Former Atlanta Braves’ relief pitcher Will Startup grew up on the baseball field, with his sights set on one day pitching in the big leagues. When he was drafted by the Braves in 2005, Startup’s childhood dream was realized. After a solid career, Startup hung up his cleats in 2014.
“My wife and I prayed about what God had next for our family,” says Startup. “We decided to step away from baseball.”
It was a tough decision for Startup and his family. While baseball is always going to be a passion for him, he has learned to avoid allowing it to become his identity.
“God was shaping me to find my identity not in how I played but who I am in Him,” says Startup. “I didn’t feel lost when I gave up runs; God has given me another mission and a purpose. I am so thankful for the career that God has given me.”
During his 2008 season, Startup had to undergo surgery on his arm, lessening his chances to pitch in the Major Leagues.
“After the surgery,” Startup says, “it was clear to me that God was leading me into ministry. And being led into ministry doesn’t necessarily mean just preaching in church or leading Bible studies; I want to tell people about God and love them well. For me, it means being a difference-maker in the locker room.”
Though Startup never did get to start in a major league game, he doesn’t count that as a failure. Startup recounts one particular spring training with the Orioles to be one of the most meaningful moments in his career. While conditioning for a season of baseball, he was on mission to challenge and train other players in their eternal goals.
“I met another guy who was at spring training in 2010: Mike Hinckley,” Startup recalls. “He was such a tremendous force for the Lord. He was bold. I learned so much from hanging around him. We started pouring into a group of about 10 players who I then went on to play rookie ball with.”
Startup has been coaching high school baseball for the past 4 years. For the 2015 season, he was able to finish the whole season as their coach since he didn’t return to pitching mound himself. “That was really special,” he says. “Coaching these guys allows me to channel my passion for baseball and pour into others.”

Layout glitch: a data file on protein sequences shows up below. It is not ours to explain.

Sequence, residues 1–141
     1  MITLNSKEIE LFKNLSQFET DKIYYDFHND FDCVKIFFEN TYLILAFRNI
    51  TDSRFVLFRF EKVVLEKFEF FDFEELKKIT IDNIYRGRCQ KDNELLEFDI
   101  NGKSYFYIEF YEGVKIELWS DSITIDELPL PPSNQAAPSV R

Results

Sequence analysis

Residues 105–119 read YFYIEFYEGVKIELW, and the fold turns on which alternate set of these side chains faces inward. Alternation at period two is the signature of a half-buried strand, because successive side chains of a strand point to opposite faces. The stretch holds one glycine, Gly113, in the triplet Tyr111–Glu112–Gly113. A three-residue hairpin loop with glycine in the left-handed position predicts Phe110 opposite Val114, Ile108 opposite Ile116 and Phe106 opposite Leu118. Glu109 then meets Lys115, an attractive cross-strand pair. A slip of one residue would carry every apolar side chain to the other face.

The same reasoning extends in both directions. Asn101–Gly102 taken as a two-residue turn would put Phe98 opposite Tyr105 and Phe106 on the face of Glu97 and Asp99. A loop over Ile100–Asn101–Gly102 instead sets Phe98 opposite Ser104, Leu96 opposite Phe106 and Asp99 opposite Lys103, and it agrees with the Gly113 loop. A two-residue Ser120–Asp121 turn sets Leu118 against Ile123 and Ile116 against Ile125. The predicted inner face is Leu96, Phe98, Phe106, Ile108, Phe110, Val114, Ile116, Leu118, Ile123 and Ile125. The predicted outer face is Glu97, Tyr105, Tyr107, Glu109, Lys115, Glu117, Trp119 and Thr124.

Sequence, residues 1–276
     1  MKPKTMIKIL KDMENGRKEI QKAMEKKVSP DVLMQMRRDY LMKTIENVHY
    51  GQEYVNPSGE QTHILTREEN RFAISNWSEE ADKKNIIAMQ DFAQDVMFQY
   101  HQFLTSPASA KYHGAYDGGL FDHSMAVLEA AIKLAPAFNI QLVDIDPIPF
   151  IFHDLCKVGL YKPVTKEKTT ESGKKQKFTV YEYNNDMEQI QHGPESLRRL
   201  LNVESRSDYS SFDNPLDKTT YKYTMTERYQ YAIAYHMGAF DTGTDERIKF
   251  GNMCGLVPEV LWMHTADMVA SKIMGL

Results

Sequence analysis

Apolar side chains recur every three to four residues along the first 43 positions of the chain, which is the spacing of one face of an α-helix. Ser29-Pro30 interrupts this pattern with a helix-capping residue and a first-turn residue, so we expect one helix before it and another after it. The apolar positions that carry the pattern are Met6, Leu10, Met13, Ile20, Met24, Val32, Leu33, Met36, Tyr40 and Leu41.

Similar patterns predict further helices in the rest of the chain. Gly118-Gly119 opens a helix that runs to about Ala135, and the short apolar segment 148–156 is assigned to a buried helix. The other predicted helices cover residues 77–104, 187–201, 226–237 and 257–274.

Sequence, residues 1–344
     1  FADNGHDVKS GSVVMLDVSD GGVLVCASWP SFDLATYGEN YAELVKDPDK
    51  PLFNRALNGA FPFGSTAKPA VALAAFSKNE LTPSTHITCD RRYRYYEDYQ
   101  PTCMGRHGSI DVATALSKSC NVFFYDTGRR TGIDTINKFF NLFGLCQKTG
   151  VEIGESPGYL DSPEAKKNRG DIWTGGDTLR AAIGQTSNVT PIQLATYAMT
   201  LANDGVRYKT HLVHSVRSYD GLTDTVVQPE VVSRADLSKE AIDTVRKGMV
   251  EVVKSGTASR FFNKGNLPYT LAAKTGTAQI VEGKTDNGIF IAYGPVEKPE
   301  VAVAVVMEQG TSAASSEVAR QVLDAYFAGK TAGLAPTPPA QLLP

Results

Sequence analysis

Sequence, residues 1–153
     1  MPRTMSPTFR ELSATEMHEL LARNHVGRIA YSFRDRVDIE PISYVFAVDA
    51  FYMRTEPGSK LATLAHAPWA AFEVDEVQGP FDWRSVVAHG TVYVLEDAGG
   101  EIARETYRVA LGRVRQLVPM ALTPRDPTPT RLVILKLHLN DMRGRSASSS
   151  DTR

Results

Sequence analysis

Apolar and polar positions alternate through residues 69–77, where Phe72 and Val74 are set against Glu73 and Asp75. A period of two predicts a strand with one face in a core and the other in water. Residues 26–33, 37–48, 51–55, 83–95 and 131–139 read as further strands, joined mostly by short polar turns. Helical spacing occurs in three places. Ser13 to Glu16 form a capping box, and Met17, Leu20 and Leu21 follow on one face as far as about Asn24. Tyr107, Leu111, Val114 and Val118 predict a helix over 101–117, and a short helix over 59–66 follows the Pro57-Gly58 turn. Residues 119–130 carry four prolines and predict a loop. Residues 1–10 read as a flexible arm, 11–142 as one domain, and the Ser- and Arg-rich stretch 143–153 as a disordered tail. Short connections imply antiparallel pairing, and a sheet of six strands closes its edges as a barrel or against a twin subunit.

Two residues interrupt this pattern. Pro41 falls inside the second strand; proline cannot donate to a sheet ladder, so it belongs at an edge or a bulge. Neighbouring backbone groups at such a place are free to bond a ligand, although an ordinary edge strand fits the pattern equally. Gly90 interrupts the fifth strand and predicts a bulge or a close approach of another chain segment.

Instead of feeling a loss as he steps away from his baseball career, Startup looks back with great gratitude for that season in his life; he’s excited for his next chapter.
“God gave me a total peace to step away from the game,” says Startup. “I wondered if it would be hard for me to enjoy even watching baseball after having to give up my professional career. I hoped that I wouldn’t grow to be resentful of it. But one day when I turned it on, I watched as Mike Trout hit a home run and I realized I was happy to see it. And pitchers don’t usually like to see that! It was then that I knew in my heart that I was OK. I could still love baseball.”
Startup, with the encouragement of his wife, is currently enrolled in the Savannah College of Art and Design where he is studying graphic design to pursue another passion of his: Designing sports footwear.
“There’s things that my family and I miss about baseball,” admits Startup, “but we see God making such a huge impact where He has placed us now.”
This past January, Startup signed on as the youth pastor for Parkway Presbyterian Church in Cumming, Georgia. Though he’s off the field, Startup can see how God continues to use his pro baseball career to reach others. Just last week, Startup received a thank-you card from one of the ten players whom he mentored five years ago while in Spring training with the Orioles.
“He wrote,” Startup says with obvious joy, “to tell me that he and his fiancé just asked Jesus into their hearts. Receiving that encouragement five years later was so amazing. You never know if you are planting a seed, watering a seed, or reaping a harvest. I know God gave me a purpose.”
Startup’s platform for sharing the Gospel might have changed, but his passion to impact others is stronger than ever. He and his family are excited about their new role at Parkway and their ministry to the youth.
“God is doing really big things,” says Startup. “I see students start to understand what a relationship with Christ is and I love that. I really want to make an eternal impact wherever I am, whether on or off the field.”